• Examples have been described in which a cyclically repeated sequence of two continuous dither tones is used to obtain a modulating signal for optical modulation. For example, with reference to FIG. 6 a a cyclically repeated sequence of two dither tones of frequencies ƒ1 and ƒ2 is used. This sequence can be described by the sequence of frequencies ƒ1, ƒ2, . . . , ƒ1, ƒ2, . . . In other implementations, other cyclic repeated sequences are used. For example, as discussed above in some implementations three dither tones with frequencies ƒ1, ƒ2, and ƒ3 form a cyclic repeated sequence which is used for modulating an optical channel. Such an sequence can be described by the sequence of frequencies ƒ1, ƒ2, ƒ3, . . . , ƒ1, ƒ2, ƒ3, . . . , for example. More generally, two or more dither tones form a cyclic repeated sequence. Furthermore, in some implementations a particular tone is used more than once within the repeated sequence. For example, in one implementation three dither tones with frequencies ƒ1, ƒ2, and ƒ3 form a cyclic repeated sequence used for modulating an optical channel, and the tone with frequency ƒ2 is used twice in the sequence. An example of such implementation can be described by the sequence of frequencies ƒ1, ƒ1, ƒ2, ƒ3, . . . , ƒ1, ƒ1, ƒ2, ƒ3, . . . , for example. More generally, in some implementations one or more dither tones are used more than once within a sequence.
  • Example implementations have been described with reference to repeated sequences wherein at any instant in time an optical channel is modulated with only one dither tone that is used for channel identification. For example, with reference to FIG. 6 a although a sequence of two dither tones with frequencies ƒ1 and ƒ2 is used for modulation, at any instant in time only one of the two dither signals is used to modulate an optical channel. In some implementations two or more dither signals are combined simultaneously and are used for channel identification. An example implementation will now be described with reference to FIG. 4 c. FIG. 4 c illustrates another form of dither tone generator and modulating arrangement in accordance with another embodiment of the invention. The arrangement of FIG. 4 c is similar to that of FIG. 4 a except that the arrangement in FIG. 4 c also has DDSs 49, a selector 51, and a summer 100.
  • The DDSs 49 produce dither tones with frequencies ƒ1 and ƒ2. The selector 51 receives the dither tones from the DDSs 49 and alternately selects one of the dither tones in accordance with a pre-determined periodicity for transmission to the summer 100. The DDSs 48 produce dither tones with frequencies ƒ3 and ƒ4. The selector 50 receives the dither tones from the DDSs 48 and alternately selects one of the dither tones in accordance with the pre-determined periodicity for transmission to the summer 100. At one interval in time the summer 100 receives the dither tones of frequencies ƒ1 and ƒ3 and combines these dither tones to produce a composite signal for modulating the optical channel. At another interval in time the summer 100 receives the dither tones of frequencies ƒ2 and ƒ4 and combines these dither tones to produce a composite signal for modulating the optical channel. This process is repeated according to the predetermined periodicity resulting a combined signal with frequencies alternating between (ƒ1, ƒ3) and (ƒ2, ƒ4), which is used to produce a modulated optical channel in optical path 28. At a particular interval in time the resulting modulated optical channel in the optical path 28 is modulated with a set of two dither signals of either frequencies (ƒ1, ƒ3) or (ƒ2, ƒ4). The detection of such a modulated optical channel will now be described with reference to FIG. 5.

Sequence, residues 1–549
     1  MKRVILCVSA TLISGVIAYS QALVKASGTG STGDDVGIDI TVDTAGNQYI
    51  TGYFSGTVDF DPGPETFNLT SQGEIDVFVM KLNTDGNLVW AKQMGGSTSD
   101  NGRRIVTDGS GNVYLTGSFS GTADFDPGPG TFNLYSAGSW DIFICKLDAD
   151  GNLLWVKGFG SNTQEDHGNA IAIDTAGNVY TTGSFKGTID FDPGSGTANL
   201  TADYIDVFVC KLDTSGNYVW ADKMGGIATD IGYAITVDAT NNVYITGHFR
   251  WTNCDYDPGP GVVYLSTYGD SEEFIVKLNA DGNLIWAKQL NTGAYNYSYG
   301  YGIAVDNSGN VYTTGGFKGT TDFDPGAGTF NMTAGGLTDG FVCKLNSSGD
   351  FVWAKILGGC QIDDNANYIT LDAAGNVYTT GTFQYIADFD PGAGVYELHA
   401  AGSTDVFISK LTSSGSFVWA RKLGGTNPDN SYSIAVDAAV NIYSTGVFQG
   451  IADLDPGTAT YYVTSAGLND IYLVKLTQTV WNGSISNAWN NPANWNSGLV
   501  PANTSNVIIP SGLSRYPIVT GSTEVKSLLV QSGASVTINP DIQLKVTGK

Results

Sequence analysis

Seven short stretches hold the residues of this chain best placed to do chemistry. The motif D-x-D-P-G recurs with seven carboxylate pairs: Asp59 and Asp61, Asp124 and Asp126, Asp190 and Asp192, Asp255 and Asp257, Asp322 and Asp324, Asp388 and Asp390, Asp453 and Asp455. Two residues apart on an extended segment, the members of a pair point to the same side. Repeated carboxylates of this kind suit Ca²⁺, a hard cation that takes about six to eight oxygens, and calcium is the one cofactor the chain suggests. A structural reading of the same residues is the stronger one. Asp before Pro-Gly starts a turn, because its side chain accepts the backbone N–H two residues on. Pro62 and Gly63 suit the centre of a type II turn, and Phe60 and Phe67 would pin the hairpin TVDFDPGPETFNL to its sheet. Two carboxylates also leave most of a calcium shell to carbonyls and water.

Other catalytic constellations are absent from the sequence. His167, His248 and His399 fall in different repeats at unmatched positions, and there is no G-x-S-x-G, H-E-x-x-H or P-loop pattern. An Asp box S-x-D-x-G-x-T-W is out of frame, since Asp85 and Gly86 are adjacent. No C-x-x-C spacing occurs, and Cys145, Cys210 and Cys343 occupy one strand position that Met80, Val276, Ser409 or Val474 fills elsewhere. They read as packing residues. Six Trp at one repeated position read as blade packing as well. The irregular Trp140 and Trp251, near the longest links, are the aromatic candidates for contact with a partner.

• In FIG. 5 the modulated optical channel is received on the path 60 and processed as discussed above. In particular, the microprocessor 78 performs a sequence of frequency analysis operations, such as FFT processing of digital signals provided by the ADC 74 for example. However, for each operation within the sequence two dither signals may be detected depending on the intensity of the optical channel, payload noise level, and interference tones. For example, for a particular window in time one or more of the dither signals of frequencies ƒ1, ƒ3 is detected, whereas for another window in time one or more of the dither signals of frequencies ƒ2, ƒ4 is detected. In some implementations the optical channel is identified when one or more dither tones from each set of dither tones is detected. In particular, in this example the channel is modulated with a cyclically repeated sequence of combined dither tones with frequencies (ƒ1, ƒ3), (ƒ2, ƒ4), . . . , (ƒ1, ƒ3), (ƒ2, ƒ4), . . . However, the optical channel may be too weak for detection of all of the tones. For example, if the dither tone of frequency ƒ1 is not detected during a collision of an interference tone, the following cyclically repeated sequence will be detected (ƒ3), (ƒ2, ƒ4), . . . , (ƒ3), (ƒ2, ƒ4), . . . In the example implementation, the channel is identified when such a sequence is detected. Table I lists the cyclically repeated sequences of dither tones, which are used to identify a channel modulated with the cyclically repeated sequence (ƒ1, ƒ3), (ƒ2, ƒ4), . . . , (ƒ1, ƒ3), (ƒ2, ƒ4), . . .